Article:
Sarcomas are an uncommon type of cancer that appears on bones or on muscle and nerve tissues. They do not exceed one percent of all cancer cases and only four or five diagnoses per every one hundred thousand people are made each year. Although it can appear at any age, many of those affected are teenagers, young adults or children. There are more than 150 types of sarcoma acknowledged by the World Health Organization. Some of them are really similar to each other, but others have unique traits that have a lot of influence on its treatment.
The main differentiation on sarcomas is set between those generated on the skeleton, and those that do it on other places. The latter are known as soft tissue sarcomas or STS for short. Ewing sarcoma and Gastrointestinal Stromal Tumors (GISTs) are so peculiar in every aspect that usually are considered apart from the rest.
From head to toe, there is no place in the body where sarcoma cannot appear. Tissues like fat, blood vessels or nerves are present everywhere and could be the origin of a sarcoma. But there is another reason for the ubiquity of sarcomas; the connective tissue that forms a kind of scaffolding that cells use to place themselves in the right position and give to organs and viscera their characteristic size and shape. Connective tissue reaches each and every corner of our body and it is capable of turn malignant giving origin to sarcomas of several types.
All sarcomas can be cured if they are diagnosed on time. The preferred method for dealing with a sarcoma is surgery. Radiotherapy and medical treatments, and also chemotherapy and modern molecular treatments, can be used to facilitate the surgical procedure or to diminish the chances of a relapse.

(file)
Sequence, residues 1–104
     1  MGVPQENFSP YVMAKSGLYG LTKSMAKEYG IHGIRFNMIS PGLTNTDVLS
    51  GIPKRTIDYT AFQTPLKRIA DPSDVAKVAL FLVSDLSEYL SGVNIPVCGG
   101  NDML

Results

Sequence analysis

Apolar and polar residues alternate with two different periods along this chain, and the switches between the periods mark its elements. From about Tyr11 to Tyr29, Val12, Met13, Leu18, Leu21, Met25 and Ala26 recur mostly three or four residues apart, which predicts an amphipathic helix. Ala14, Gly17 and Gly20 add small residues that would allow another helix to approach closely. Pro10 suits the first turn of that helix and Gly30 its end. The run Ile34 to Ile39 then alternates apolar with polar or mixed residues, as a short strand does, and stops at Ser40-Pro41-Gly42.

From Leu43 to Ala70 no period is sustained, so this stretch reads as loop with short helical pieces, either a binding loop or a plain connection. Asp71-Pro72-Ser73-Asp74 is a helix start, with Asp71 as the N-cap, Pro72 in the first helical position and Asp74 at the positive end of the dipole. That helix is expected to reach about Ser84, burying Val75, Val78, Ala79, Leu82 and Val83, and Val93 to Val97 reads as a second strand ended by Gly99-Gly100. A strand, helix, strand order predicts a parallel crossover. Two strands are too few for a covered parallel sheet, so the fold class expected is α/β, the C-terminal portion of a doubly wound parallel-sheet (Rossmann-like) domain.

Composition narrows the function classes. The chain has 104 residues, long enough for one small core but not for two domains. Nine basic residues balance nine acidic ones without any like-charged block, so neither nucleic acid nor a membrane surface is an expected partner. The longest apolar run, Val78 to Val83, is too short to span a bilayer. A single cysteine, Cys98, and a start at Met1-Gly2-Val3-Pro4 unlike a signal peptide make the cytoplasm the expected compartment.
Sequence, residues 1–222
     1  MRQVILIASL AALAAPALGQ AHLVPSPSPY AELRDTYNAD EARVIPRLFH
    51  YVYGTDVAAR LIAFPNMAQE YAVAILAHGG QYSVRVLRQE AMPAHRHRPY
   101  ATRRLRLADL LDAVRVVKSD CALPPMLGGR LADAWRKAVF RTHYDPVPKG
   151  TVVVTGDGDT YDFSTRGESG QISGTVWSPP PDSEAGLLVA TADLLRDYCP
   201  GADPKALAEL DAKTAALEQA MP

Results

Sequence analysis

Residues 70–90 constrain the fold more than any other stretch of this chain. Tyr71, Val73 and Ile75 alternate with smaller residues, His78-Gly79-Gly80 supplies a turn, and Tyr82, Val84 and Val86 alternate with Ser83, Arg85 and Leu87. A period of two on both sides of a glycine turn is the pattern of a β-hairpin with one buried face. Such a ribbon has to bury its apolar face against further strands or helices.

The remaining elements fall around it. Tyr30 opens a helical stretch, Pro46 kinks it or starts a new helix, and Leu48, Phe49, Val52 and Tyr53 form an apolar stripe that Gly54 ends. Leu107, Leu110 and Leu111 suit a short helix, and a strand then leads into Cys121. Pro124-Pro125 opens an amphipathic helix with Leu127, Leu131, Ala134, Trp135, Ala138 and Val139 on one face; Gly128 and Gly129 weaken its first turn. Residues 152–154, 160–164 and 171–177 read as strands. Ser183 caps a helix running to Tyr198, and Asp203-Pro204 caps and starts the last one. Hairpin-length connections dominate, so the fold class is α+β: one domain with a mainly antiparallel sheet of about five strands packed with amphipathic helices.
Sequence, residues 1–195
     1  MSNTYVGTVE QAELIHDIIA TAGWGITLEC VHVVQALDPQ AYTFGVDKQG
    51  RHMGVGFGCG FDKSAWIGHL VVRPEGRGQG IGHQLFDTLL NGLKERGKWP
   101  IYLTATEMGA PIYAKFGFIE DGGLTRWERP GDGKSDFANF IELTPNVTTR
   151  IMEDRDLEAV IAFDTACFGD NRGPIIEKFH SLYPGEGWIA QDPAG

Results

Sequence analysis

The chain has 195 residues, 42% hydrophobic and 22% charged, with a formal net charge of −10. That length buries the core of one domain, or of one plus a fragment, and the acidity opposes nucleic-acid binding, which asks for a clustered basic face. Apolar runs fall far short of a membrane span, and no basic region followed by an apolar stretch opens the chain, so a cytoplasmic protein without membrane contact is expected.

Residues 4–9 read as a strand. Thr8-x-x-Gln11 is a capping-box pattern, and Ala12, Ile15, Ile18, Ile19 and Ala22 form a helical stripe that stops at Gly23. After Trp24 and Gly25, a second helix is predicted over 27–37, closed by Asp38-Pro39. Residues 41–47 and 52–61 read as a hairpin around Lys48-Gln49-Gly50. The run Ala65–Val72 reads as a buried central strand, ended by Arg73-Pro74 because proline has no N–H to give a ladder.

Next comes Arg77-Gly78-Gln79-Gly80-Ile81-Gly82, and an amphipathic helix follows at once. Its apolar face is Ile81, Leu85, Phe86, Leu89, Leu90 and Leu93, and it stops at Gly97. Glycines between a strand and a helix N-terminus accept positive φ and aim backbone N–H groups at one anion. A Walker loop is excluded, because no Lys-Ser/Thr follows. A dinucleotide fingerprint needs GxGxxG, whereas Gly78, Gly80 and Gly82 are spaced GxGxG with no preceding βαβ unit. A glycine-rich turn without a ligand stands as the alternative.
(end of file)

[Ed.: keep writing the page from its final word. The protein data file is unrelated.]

Broadly speaking, the presence of metastasis is the limit between curable and incurable cancers. Metastases are cancer ramifications, created from cells that can dislodge from the original tumor, travel through blood or other natural ways, and end nesting on faraway tissues. For example, a sarcoma could be born in the muscles of the thigh and finally generate metastasis on the lungs. If the cells from those ramifications are observed on the microscope, they do not look like lung cells at all, but are alike to those in the muscles where they were born.
In the case of sarcoma, many times it is also true that the existence of metastasis labels the disease as incurable, but not always. Under certain circumstances, some metastases can be extirpated with the intent of curing the patient. In other cases, as in Ewing sarcoma, chemotherapy is able to eradicate forever all the focal points of the cancer, even when there are metastases scattered on several vital organs. Finally, the existence of metastases does not imply a short life expectancy. There are treatments nowadays, as the one currently applied on GISTs cases, which can extend life for years on a completely normal level of quality.
It is very important that the doctor responsible for the treatment, either surgeon or oncologist, must be an expert on sarcoma.
All sarcomas have diagnosis and treatment peculiarities that make them very different from other more common cancers, like breast, colon, lung, prostate ones. On the other hand, sarcomas are so infrequent that many specialists do not face more than two or three cases per year. That is why it is very important that the doctor responsible for the treatment, either surgeon or oncologist, must be an expert on sarcoma. It has been proved that patients treated on centers that take in many sarcoma cases have better prognoses. It is true that treatment should start as soon as possible on this kind of condition. However, a delay of one or two weeks does not has too much influence on most cases and it is all that is required to gather the second opinion of a sarcoma expert. Even a biopsy not done properly might negatively condition the treatment afterwards. Ideally, the advice from an expert must be sought at the mere first hint that a lesion might be a sarcoma.